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I've been using git-format-patch and git-am to apply changes from one repository to another. The file structures are the same but there are some changes in the repository I'm apply to which cause most patches to fail a few hunks. But most of the patch hunks apply with a little but of fuzzyness in the line numbers.

As far as I can tell git-am apply a very strict interpretation so rejects all these patches outright. So my workflow has become

$ git am ../the-patch.patch
# Fails because the patch doesn't apply cleanly
$ patch -p1 < ../the-patch.patch
# Applies most of the hunks, leaves .rej files for the ones that conflict
# Fix the conflicting hunks manually
$ git am --continue

It would be nice if I didn't have to run the command line patch and could just have that happen as part of the am command.

Running with the --reject flag seems to create a .rej file with all the hunks in the file if any conflict, which isn't what I want.

Running with the --3way flag fails with

fatal: sha1 information is lacking or useless (the-file.java).
Repository lacks necessary blobs to fall back on 3-way merge.
Cannot fall back to three-way merge.

Which I presume is because the change set this was based on is not in the repository I'm merging to.

Is there any way to make git-am apply the patch with fuzzy matching like the raw patch command does and only create .rej files containing the hunks that failed?

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Looks like there was some work on it a long time ago... –  mgalgs Jan 15 '13 at 20:07

1 Answer 1

Is there any reason that you are not pushing or pulling... or using bundle? You could even extract a smaller repo with filter-branch and email a zip of that. It would have the history that's pertinent to applying your changes. Patch files are something that should be resorted at when all other options are exhausted.

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Basically the change-sets do not exist in any form in the repository I'm merging to. This is actually git on top of subversion where the code has been copied from one subversion repository to another & completely repackaged. So any form of git push-ing or pulling is difficult. I'm actually modifying the patch on the way through using sed to account for the renaming and repackaging. Filter Branch might work by getting some of the old location into the git clone of new, but since there will be no-common ancestor I'm not sure if it would work. –  EdC Jun 16 '11 at 0:01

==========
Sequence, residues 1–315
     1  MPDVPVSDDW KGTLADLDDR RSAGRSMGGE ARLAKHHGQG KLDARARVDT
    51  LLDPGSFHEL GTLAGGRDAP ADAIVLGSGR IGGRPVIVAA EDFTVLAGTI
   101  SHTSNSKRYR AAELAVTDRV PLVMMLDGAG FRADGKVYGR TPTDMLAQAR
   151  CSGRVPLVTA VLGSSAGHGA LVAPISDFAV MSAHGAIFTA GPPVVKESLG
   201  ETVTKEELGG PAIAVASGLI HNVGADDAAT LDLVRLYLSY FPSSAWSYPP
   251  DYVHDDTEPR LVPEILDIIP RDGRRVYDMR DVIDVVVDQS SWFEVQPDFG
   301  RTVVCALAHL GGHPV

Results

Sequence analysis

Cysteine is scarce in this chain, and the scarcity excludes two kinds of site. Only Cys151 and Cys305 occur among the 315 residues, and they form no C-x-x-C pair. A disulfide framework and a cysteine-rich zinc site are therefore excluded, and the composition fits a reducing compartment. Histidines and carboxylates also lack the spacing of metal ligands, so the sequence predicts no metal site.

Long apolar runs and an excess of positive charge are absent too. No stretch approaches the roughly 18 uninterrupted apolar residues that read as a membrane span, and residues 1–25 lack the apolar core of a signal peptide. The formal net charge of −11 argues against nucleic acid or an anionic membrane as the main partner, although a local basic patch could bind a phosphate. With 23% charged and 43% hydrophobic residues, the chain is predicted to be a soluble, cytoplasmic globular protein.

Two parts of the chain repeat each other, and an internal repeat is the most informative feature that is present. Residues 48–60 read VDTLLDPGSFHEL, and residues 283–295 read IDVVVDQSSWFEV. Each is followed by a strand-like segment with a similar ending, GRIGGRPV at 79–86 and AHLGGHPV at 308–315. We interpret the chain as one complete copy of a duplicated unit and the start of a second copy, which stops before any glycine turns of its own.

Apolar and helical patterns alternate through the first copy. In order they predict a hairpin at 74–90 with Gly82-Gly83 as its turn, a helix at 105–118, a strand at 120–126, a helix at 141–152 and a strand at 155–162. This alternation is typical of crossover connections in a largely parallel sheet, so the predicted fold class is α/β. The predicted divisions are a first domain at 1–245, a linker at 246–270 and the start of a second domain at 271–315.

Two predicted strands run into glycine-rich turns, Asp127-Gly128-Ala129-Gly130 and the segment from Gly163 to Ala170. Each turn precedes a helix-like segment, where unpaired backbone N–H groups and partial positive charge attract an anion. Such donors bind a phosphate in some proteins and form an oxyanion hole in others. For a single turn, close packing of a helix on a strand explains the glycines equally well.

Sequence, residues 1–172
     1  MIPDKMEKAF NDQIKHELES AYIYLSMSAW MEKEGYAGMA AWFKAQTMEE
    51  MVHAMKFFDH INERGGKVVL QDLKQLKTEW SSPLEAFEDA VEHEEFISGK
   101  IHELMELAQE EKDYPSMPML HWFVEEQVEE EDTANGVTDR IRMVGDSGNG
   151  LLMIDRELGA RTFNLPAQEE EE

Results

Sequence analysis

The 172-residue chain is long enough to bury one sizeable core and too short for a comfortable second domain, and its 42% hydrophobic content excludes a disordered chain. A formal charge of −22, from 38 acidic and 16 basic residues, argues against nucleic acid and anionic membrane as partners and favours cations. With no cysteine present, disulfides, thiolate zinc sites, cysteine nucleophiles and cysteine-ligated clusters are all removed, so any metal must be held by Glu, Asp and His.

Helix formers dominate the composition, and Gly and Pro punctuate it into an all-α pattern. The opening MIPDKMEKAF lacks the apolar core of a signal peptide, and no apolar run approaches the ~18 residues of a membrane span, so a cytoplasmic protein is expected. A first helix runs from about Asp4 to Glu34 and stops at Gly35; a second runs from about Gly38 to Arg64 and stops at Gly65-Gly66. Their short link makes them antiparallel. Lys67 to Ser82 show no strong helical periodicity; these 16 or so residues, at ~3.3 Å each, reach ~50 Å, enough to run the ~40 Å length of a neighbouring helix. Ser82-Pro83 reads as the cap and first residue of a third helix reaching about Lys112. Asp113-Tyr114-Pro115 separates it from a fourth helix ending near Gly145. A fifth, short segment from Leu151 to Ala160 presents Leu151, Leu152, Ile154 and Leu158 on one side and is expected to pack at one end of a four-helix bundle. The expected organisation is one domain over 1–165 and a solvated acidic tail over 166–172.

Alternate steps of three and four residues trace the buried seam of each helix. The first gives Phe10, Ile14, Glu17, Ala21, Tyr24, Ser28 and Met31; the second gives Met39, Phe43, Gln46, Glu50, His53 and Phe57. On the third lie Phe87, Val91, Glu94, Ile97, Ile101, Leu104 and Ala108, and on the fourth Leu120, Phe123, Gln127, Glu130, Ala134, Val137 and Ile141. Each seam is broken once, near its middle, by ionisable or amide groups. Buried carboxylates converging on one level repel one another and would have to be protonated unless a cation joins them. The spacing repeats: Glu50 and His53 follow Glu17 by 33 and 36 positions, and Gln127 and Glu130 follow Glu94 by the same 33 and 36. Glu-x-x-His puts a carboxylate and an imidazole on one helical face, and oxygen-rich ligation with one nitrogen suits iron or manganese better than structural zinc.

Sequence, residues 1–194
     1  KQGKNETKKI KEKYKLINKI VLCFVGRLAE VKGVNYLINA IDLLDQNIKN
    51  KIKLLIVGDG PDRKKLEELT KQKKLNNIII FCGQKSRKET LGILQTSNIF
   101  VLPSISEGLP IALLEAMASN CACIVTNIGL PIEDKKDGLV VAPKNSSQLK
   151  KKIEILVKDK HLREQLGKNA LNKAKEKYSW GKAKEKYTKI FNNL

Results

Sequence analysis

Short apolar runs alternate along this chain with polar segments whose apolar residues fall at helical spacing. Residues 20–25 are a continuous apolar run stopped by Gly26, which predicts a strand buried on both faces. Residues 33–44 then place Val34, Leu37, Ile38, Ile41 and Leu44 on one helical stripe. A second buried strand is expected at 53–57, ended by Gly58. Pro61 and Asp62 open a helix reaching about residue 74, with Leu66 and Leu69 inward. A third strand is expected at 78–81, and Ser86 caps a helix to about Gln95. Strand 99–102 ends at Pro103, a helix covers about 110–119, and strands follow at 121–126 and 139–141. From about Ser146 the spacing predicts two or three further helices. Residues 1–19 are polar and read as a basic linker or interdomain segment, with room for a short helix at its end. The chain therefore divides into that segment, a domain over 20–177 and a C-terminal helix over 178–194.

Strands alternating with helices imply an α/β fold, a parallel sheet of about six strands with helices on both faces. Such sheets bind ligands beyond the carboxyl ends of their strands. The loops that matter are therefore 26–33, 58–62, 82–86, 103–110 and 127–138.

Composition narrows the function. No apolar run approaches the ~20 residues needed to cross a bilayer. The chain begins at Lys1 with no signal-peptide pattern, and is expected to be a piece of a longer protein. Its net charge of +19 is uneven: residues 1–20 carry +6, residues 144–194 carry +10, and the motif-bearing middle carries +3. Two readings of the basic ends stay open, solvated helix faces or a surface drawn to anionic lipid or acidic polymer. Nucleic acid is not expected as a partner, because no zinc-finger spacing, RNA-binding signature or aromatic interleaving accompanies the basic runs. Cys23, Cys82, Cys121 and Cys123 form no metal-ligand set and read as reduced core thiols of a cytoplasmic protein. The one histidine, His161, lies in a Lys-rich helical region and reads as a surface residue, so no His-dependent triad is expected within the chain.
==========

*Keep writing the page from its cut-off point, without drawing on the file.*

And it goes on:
You can graft history as well. There is git-svn. –  Adam Dymitruk Jun 16 '11 at 18:55
I don't quite follow can you provide an example. I'm using git-svn for both of these repositories. The scenario that lead to this is: 1) Part of Project was copied to new svn repository, 2) Project was repackaged (so different folder names) in new svn repository, 3)Changes are happening in both. If I imported the history of the old into the git-svn clone of new I don't think I'd be able to cherry-pick across because of the renaming. –  EdC Jun 19 '11 at 20:13
If you capture the renaming as a commit, then a merge will work. –  Adam Dymitruk Jun 29 '12 at 3:28
Bad answer. If you decide to put an answer, at least answer the question and then offer alternatives... I personally need to handle this specific case. We have a big code base and we receive patches from somebody else and we need to solve them in this particular way because there is no other way... –  Lilian A. Moraru Mar 18 at 18:48

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